Thursday, January 08, 2004

What I look at in interviews 

Frequent reader and contributor Paul Nelson sends on a new blog, LitSkunk, which has picked up blogchild John Bruce's Stanley Fish experience. I decided to read it over lunch (sorry, John, I had put it aside up to now) and it begins with a description of the labor market for English professors.
A required course for those of us in the Ph.D. program was something called English 562: The Profession. The course was intended to cover subjects like the academic hiring process, the status of the job market, career paths, promotion and tenure, publication, peer review, and so forth. In short, this should have been everything a graduate student needed to know, told as the straight dope by an experienced professor. As a practical matter, the standing of the course in the minds of the faculty was shown by who they assigned to teach it: in my case, it was a dreamy-eyed lame-duck assistant professor who'd been turned down for tenure himself--not the best role model on one hand, but on the other, he believed everything his more senior colleagues told him, so he was a good source on the conventional wisdom of the time.

We listened to polite fictions about how new assistant professors were hired at the annual MLA convention and how the tenure system assures academic freedom. The twelve or twenty or so of us in the class knew perfectly well we'd be lucky to find part-time jobs teaching bonehead English at local junior colleges, our chances of even landing a tenure-track job were like winning the lottery, and it likely wouldn't happen at the MLA. Some Ph.D. candidatess from prior years were driving cabs or pushing carts full of bedpans down hospital corridors. It wasn't good form to mention this.

In fact, the job search method prescribed to us, not just in English 562, but by the department chair and our graduate advisors, was to get a list of all English departments everywhere (whether they'd posted an open job or not), and send each of them a copy of our curriculum vitae and a cover letter, advising them of our availability to interview at the MLA. This of course is the job-hunting equivalent of human wave attacks, a futile and expensive proposition. While hiring practices differ among academic disciplines, it appears (see, for example, Paul Fussell's account of how he got his first job in Doing Battle) that in English, well-positioned professors are aware of openings in their fields and refer likely candidates via back channels, and interviews at the MLA are a formality at best.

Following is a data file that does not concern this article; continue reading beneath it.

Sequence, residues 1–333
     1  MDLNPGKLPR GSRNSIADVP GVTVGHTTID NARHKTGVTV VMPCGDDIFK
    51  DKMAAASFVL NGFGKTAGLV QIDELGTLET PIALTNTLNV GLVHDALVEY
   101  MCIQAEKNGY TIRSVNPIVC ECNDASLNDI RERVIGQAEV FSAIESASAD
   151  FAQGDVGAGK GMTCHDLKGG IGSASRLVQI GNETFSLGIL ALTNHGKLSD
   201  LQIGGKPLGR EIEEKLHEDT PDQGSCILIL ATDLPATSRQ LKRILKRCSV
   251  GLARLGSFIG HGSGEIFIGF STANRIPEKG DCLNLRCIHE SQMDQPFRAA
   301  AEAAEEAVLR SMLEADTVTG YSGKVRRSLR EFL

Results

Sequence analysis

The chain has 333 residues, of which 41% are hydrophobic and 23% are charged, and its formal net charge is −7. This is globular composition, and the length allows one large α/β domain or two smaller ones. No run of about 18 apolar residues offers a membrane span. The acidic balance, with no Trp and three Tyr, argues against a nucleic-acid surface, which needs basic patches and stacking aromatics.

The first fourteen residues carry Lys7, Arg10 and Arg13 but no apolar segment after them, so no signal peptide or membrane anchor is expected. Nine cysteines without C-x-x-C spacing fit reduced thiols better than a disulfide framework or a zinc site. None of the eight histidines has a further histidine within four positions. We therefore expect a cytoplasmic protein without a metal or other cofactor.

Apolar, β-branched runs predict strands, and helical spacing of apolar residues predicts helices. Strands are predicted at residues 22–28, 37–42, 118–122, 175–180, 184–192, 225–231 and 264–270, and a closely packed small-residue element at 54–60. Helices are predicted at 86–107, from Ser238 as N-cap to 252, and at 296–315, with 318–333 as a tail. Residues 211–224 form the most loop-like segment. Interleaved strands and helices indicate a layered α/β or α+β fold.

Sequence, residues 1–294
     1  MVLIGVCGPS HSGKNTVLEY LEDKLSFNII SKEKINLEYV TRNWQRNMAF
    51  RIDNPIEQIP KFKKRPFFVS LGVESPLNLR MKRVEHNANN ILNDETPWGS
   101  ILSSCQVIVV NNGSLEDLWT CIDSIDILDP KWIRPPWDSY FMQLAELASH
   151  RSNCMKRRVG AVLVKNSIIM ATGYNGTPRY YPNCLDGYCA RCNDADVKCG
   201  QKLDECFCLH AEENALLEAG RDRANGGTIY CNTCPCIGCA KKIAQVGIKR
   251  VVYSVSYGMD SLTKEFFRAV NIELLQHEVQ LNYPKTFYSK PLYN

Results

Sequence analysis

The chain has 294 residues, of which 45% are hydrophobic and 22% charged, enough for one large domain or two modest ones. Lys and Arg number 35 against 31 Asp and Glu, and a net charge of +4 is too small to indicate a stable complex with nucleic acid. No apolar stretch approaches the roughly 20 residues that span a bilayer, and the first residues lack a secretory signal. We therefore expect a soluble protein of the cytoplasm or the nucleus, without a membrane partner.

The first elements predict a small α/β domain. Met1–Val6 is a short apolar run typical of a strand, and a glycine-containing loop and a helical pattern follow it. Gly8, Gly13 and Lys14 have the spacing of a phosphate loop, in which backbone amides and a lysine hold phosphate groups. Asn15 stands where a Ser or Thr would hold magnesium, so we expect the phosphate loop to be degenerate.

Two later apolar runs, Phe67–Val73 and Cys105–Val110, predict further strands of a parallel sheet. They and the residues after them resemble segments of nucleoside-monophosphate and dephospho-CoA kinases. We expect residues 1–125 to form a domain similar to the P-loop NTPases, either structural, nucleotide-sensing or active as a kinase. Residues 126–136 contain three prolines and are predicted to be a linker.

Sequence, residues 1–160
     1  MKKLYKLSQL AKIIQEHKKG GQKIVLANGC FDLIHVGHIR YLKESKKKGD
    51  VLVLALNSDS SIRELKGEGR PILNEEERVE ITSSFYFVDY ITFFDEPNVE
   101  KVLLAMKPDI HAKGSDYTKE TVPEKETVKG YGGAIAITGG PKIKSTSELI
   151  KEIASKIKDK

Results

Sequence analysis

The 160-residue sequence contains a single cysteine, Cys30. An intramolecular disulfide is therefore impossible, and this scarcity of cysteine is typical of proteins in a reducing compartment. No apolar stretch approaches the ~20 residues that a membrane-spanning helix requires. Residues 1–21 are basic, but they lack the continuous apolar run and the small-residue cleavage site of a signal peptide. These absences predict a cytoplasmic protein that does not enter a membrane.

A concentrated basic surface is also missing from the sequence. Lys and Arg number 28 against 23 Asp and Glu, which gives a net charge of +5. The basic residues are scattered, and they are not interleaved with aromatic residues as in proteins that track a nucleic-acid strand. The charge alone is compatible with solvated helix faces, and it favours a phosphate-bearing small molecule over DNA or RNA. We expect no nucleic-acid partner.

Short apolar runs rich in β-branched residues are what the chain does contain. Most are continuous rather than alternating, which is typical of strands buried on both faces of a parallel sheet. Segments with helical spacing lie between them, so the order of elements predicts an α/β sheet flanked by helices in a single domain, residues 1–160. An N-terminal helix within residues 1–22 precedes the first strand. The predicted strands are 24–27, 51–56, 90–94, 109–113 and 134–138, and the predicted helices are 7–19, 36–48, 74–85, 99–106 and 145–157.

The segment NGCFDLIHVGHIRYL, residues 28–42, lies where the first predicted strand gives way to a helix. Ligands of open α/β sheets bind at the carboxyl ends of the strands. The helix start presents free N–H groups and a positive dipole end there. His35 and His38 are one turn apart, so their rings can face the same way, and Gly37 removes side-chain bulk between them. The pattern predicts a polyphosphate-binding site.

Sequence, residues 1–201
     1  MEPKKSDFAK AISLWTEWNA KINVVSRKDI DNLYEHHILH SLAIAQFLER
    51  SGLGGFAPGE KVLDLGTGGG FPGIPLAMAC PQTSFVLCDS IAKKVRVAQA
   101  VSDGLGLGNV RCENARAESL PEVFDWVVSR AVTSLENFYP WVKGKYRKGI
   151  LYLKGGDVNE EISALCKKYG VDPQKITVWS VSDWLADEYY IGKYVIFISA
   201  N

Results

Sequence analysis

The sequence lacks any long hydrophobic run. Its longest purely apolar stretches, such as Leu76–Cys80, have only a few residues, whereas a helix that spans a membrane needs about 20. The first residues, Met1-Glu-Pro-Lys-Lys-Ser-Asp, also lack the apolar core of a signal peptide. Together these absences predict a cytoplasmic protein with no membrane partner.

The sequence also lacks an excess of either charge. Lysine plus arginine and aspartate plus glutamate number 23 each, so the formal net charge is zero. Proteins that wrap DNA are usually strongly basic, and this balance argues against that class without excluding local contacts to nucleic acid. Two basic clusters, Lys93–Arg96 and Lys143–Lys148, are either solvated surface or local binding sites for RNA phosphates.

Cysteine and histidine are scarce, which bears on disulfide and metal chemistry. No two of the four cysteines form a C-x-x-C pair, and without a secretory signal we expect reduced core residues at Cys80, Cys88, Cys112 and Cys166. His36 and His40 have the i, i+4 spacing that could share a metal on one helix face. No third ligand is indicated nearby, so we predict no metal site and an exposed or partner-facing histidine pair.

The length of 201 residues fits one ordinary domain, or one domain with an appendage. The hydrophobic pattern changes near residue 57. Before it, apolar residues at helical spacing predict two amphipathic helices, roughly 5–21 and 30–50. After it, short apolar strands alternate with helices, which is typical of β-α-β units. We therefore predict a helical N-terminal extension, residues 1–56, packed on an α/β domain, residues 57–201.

The best piece of advice I got in graduate school was from a retiring professor who taught my micro theory courses: If you place at a school the equivalent of your undergraduate school, you've done well. I didn't shotgun vitae to every school, but I sent out over 100 and interviewed 23 schools in under three days. I'm still at the school that hired me that year. Nobody from my graduate school called these people to encourage my interview with them.

I'm now the guy on the other side, the department chair that sits in a hotel room (in San Diego, with a beach beckoning that I never sat on!) and talks to new doctorates who want to follow that path. While I realize many have already taken their interviews, let me write down what I now realize is my subjective screening method.

  1. The first thing I look for when I see a candidate is whether the person can teach principles of economics. It's not as easy as it looks, and at a school like mine you don't have the ability to cram 500 students in a room and fob off a grad student most days. If you do a bad job teaching them principles, I'm going to have a miserable class in monetary theory with them later. Most of them don't want to be there, either, so I need to know if you can hold someone's attention ... beginning with mine. How you talk about your profession is vital; students pick up on jadedness, and it doesn't sell.
  2. The next thing I look for is whether this person will be interesting to talk economics with over a beer. If you are interviewing a school in a smaller city or town, you are talking to people who will be more than just your colleagues. They'll likely compose your first ring of friends. Choose wisely.
  3. I want to know what you'll write next, not what you wrote last. New PhDs want to tell you about their dissertations, and that's fine but it's not the object of my interest. I'm more interested how they talk about their research than what they actually found. And I want to know if it fits into a broader agenda of what they plan to do outside of the classroom for the next few years. Those who know how it fits are likely to be successful professors.